No decision yet on merging of govt primary schools: Gujarat Education Minister

Written by Ritu Sharma
| Ahmadabad |

Published: March 14, 2020 6:01:09 am

As per the education department’s decision in August 2019, in the first phase, around 3,000 government primary schools were to be merged with other government schools within a month. (File)

Education Minister Bhupendrasinh Chudasama on Friday stepped back on the decision to merge government primary schools with low enrolment and said that the state government is yet to take a decision.

Responding to the concerns and objections raised by the Opposition over the decision in the Assembly, Chudasama said a case-to-case survey of such schools would be conducted.

Debates over plan to merge government primary schools have been going on for around six months where the education department has already identified nearly 5,100 “non-viable” schools to be merged-with very few students and high number of teachers. “No decision to merge government primary schools has been taken yet by the state government. Survey of schools where there are very few students in two government schools within one kilometre radius is in process,” Education Minister Bhupendrasinh Chudasama informed the House. Making the state government’s case for merging, the Minister stated that it was aimed at improving the quality of education.

“There are many schools where there are around 30 students from Class I till VIII with one or two teachers in each school. Also, the survey reveals that within one kilometre, there is one school with 15 students and the other with only five. On one hand, we complain that a Class III student can’t read or write and on the other, we object to merging of such schools,” the Minister said in the House.

As per the education department’s decision in August 2019, in the first phase, around 3,000 government primary schools were to be merged with other government schools within a month. These are out of an estimated number of 5,100 government primary schools across the state with an enrolment of less than 100 and have a second government primary school within one-kilometre radius.

However, due to opposition and protests by Congress, educationists, organisations and teachers associations citing the right to free and compulsory education under the Right to Education (2009) Act, the state government did not give nod to the plan.

During the discussion, a few Congress MLAs expressed their resentment and concerns over the merger plan, Congress MLA Anantkumar Patel from Vansda assembly constituency in Navsari district said that tribal areas would be affected most with the merger.

Indrajitsinh Parmar, Congress MLA from Mahudha assembly constituency in Kheda district asked when after every praveshotsav (annual enrolment drive) the state government claims of an increase in enrolment, why the schools were being closed down.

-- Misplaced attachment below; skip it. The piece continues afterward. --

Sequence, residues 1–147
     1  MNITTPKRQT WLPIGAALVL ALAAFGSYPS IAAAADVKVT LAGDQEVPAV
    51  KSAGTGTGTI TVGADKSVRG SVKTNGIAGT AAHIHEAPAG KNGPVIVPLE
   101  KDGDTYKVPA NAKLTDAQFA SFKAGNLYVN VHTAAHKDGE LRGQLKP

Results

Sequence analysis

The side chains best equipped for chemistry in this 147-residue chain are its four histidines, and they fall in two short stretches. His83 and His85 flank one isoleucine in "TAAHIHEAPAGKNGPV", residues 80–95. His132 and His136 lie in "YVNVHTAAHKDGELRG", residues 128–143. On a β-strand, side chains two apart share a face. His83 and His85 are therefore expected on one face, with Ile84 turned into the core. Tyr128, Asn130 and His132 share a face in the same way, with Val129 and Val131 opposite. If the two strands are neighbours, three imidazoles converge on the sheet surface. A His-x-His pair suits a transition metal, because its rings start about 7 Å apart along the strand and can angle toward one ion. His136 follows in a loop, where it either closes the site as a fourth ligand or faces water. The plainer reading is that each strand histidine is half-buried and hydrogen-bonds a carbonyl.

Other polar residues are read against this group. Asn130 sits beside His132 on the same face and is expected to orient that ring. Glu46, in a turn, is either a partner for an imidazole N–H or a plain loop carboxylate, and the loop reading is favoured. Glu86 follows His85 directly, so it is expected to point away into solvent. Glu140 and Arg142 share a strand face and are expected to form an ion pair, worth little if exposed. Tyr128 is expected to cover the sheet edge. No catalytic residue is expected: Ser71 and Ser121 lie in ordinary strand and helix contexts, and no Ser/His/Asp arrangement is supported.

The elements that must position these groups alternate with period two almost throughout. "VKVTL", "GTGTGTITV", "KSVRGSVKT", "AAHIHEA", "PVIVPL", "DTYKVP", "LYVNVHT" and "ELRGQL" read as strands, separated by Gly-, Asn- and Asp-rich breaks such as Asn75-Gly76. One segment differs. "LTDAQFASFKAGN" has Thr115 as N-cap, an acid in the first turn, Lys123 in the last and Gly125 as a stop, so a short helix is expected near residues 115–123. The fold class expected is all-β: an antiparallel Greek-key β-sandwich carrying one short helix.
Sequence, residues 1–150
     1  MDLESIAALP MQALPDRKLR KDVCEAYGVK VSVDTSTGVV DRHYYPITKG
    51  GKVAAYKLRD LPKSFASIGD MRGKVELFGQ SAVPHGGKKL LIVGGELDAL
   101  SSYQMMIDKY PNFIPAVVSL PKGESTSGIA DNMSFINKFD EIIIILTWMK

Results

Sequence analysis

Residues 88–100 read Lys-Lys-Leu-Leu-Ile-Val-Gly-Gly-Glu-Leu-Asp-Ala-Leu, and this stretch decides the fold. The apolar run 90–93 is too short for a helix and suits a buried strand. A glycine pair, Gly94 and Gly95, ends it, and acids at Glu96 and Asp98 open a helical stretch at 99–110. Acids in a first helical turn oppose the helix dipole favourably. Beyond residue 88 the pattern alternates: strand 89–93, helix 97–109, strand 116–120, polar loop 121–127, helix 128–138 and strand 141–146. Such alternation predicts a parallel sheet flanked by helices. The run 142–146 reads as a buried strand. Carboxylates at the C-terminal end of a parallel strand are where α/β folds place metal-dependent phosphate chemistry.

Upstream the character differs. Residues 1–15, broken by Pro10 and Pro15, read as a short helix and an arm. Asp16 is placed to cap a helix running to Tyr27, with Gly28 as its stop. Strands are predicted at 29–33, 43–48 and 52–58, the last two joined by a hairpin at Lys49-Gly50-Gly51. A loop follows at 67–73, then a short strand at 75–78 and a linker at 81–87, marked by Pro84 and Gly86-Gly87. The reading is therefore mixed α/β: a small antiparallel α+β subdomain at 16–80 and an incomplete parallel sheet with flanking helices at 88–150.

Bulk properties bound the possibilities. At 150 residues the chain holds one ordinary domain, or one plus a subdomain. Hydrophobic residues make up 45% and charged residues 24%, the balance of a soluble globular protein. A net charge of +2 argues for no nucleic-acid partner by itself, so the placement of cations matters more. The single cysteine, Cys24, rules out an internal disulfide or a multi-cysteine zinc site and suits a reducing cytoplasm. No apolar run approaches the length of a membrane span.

Bayad Congress MLA Jasubhai Patel echoed similar concerns while Jamnagar MLA Vikram Madam raised the issue of how land mafia would be encouraged with the decision to close government schools. “With the closing down of schools in villages, the land mafia will take over the huge area of closed school buildings and the land,” said Madam.

Not the first time

A similar decision to merge schools was passed in 2013 where out of nearly 33,000 primary schools, 13,450 primary schools with 100 and less students, and some 6,826 primary schools with 50 and even less students were identified. The department had planned to merge these schools with the nearest school. However, then also it could not be implemented due to protests from villagers, civil society, educationists as well as teachers associations citing violation of Right to Education Act that mandates every child to have free and compulsory education from the age of 6-14 years of age.

Other concerns

Gandhinagar North MLA CJ Chavda accused the state government of commercialisation of education, failure in checking exorbitant fees charged by private schools and schools running without requisite permission.

Gyasuddin Shaikh representing Dariyapur assembly constituency suggested to open English medium and smart government schools and requested to start the process for admission under 25 per cent reserved seats under RTE Act at the earliest.

The opposition also raised issues of lack of teachers across schools and colleges, huge number of schools without compound wall, less than required number of classrooms, closing down of branches in engineering colleges.

In response to these, the Education Minister said, “Measures like online attendance for students and teachers has resulted in regular attendance, regular tests, paper box authentication and tracing application to check paper leak in board exams, Gujarat School Accreditation Council, QR codes in textbooks, finishing schools for honing soft skills of college students, tablets to college students and schools of excellence have and will all result in further better results.”


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